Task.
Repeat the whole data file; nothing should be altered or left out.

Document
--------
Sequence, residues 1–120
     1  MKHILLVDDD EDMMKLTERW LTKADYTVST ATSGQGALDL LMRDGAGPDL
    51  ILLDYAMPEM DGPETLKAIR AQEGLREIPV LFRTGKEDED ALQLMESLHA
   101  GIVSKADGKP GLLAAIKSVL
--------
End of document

Sequence, residues 1–120
     1  MKHILLVDDD EDMMKLTERW LTKADYTVST ATSGQGALDL LMRDGAGPDL
    51  ILLDYAMPEM DGPETLKAIR AQEGLREIPV LFRTGKEDED ALQLMESLHA
   101  GIVSKADGKP GLLAAIKSVL